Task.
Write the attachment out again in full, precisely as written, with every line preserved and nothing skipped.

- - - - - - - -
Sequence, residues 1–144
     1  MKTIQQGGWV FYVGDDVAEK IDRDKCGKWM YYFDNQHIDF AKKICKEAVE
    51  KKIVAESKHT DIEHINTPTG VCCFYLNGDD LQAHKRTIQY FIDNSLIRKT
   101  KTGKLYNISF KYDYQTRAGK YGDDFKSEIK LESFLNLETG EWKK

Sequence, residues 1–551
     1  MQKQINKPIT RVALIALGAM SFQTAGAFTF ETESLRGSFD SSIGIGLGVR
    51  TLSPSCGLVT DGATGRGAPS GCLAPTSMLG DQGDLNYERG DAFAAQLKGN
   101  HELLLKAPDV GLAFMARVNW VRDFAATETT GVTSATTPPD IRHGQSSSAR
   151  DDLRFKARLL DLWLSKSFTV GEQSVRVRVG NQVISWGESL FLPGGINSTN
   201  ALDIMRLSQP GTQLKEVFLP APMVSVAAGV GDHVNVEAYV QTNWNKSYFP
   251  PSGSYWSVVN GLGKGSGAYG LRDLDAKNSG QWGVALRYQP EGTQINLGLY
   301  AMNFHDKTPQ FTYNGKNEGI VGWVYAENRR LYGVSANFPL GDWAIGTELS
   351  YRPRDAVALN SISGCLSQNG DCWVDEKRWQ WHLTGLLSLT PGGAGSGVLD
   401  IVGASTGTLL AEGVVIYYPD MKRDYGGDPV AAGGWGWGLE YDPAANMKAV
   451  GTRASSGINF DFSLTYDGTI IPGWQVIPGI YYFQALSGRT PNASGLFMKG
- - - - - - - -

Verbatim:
Sequence, residues 1–144
     1  MKTIQQGGWV FYVGDDVAEK IDRDKCGKWM YYFDNQHIDF AKKICKEAVE
    51  KKIVAESKHT DIEHINTPTG VCCFYLNGDD LQAHKRTIQY FIDNSLIRKT
   101  KTGKLYNISF KYDYQTRAGK YGDDFKSEIK LESFLNLETG EWKK

Sequence, residues 1–551
     1  MQKQINKPIT RVALIALGAM SFQTAGAFTF ETESLRGSFD SSIGIGLGVR
    51  TLSPSCGLVT DGATGRGAPS GCLAPTSMLG DQGDLNYERG DAFAAQLKGN
   101  HELLLKAPDV GLAFMARVNW VRDFAATETT GVTSATTPPD IRHGQSSSAR
   151  DDLRFKARLL DLWLSKSFTV GEQSVRVRVG NQVISWGESL FLPGGINSTN
   201  ALDIMRLSQP GTQLKEVFLP APMVSVAAGV GDHVNVEAYV QTNWNKSYFP
   251  PSGSYWSVVN GLGKGSGAYG LRDLDAKNSG QWGVALRYQP EGTQINLGLY
   301  AMNFHDKTPQ FTYNGKNEGI VGWVYAENRR LYGVSANFPL GDWAIGTELS
   351  YRPRDAVALN SISGCLSQNG DCWVDEKRWQ WHLTGLLSLT PGGAGSGVLD
   401  IVGASTGTLL AEGVVIYYPD MKRDYGGDPV AAGGWGWGLE YDPAANMKAV
   451  GTRASSGINF DFSLTYDGTI IPGWQVIPGI YYFQALSGRT PNASGLFMKG